The Millions

Brett Kavanaugh and the Witch in the Woods: The Millions Interviews Leni Zumas

 Leni Zumas’s 2018 novel, Red Clocks, which has drawn wide comparisons to Margaret Atwood’s The Handmaid’s Tale, paints a chilling portrait of a near future in which not only is abortion illegal in the United States, a “Personhood Amendment” to the Constitution prohibits the use of IVF fertility treatments. The book, a national bestseller, won the 2019 Oregon Book Award and was named a “Best Book of 2018” by The Atlantic. It was a New York Times Editors’ Choice, a Washington Post Notable, an Amazon Best Book of the Month, and an Indie Next pick.

A longtime fan of Zumas’s work, I caught up with her at the Brooklyn Book Festival last year during the fraught confirmation proceedings of now U.S. Supreme Court Justice Brett Kavanaugh. We discussed Red Clocks, as well as what Kavanaugh’s confirmation could mean for reproductive rights in the U.S.—a struggle even now unfolding in the American South, as states move to pass measures that would effectively ban abortion.

The Millions: Red Clocks is often compared to The Handmaid’s Tale, and rightly so—it’s a near-future sci fi novel, and the major factor that has rearranged the world is government regulation of reproduction, specifically as it applies to the female body. But The Handmaid’s Tale is also about religious fundamentalism, whereas Red Clocks seems as if it’s really more just challenging us to think through legislation—actual legislation that has been developed by actual American politicians—showing us both the intended and perhaps unintended consequences of that kind of legislation and how it could affect so many woman in so many ways.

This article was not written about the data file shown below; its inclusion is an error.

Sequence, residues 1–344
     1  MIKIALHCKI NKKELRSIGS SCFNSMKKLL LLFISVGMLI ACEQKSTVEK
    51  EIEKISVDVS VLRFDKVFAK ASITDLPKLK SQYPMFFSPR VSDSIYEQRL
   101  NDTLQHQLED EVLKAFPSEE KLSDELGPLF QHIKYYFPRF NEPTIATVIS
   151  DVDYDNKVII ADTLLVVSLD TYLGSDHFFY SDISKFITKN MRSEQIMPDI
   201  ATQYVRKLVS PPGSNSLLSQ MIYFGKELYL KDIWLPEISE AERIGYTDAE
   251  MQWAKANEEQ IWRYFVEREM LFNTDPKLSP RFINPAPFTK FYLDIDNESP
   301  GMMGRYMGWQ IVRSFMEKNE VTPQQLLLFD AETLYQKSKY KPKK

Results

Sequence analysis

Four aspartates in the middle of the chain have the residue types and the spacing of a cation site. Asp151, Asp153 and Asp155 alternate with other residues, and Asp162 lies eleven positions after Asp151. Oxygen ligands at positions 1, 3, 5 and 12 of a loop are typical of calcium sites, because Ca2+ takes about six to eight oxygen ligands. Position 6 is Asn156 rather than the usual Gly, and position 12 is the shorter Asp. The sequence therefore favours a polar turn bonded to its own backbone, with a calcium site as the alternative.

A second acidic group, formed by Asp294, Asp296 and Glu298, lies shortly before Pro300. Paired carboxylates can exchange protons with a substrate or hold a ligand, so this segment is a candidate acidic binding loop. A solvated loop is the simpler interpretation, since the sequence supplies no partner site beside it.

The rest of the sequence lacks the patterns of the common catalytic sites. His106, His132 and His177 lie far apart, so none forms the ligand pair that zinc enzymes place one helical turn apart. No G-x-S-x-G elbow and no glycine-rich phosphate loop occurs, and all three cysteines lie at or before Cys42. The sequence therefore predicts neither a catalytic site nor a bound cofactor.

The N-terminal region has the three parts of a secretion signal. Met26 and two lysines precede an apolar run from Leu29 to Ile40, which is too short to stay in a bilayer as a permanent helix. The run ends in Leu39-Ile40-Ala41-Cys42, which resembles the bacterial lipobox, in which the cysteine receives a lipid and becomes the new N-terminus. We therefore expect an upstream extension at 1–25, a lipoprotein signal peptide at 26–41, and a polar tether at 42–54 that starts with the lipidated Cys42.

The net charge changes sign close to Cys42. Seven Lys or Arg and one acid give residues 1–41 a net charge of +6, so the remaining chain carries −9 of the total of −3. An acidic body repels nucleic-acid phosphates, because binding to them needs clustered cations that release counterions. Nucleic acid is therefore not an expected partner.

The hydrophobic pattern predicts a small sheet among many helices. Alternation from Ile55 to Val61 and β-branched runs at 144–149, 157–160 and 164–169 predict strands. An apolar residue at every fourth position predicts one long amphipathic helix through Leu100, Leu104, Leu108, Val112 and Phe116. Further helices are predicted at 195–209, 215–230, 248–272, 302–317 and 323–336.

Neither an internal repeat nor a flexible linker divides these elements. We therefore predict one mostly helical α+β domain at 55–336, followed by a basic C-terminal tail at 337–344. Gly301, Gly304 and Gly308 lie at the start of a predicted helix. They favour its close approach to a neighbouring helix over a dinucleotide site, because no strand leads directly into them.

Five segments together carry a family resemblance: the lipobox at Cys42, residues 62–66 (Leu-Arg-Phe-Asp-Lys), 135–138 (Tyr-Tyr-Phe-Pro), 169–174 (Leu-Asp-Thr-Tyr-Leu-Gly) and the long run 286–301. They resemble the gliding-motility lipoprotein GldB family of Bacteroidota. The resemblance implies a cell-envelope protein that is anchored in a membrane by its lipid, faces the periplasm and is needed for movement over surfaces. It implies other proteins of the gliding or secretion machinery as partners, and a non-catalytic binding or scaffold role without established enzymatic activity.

We’ve got Ro, a single woman trying to get pregnant; Mattie, a high school student who’s unintentionally pregnant; and Gin, who’s being persecuted for offering alternative healthcare services to women. I think this book is such a service in the way that it helps us model those consequences.

: A lot of the legislation that’s affecting the characters in is influenced by evangelical Christianity…You know, is politician who in every way

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